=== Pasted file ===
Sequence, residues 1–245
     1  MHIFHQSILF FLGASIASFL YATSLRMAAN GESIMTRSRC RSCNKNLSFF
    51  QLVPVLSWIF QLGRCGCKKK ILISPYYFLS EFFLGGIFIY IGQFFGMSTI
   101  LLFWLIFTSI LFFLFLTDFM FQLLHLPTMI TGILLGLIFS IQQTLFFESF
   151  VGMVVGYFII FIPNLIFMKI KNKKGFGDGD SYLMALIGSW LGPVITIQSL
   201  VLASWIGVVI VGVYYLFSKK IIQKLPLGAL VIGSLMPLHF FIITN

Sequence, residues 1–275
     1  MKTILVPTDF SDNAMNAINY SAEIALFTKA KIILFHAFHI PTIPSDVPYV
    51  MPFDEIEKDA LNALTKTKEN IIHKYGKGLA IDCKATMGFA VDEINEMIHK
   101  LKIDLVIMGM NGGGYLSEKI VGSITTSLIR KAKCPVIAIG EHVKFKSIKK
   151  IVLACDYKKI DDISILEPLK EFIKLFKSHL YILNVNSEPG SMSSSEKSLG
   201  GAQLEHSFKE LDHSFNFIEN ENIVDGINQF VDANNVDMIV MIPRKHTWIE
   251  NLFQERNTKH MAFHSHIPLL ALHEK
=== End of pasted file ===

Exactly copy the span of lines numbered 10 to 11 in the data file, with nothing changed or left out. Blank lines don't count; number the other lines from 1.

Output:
   101  LKIDLVIMGM NGGGYLSEKI VGSITTSLIR KAKCPVIAIG EHVKFKSIKK
   151  IVLACDYKKI DDISILEPLK EFIKLFKSHL YILNVNSEPG SMSSSEKSLG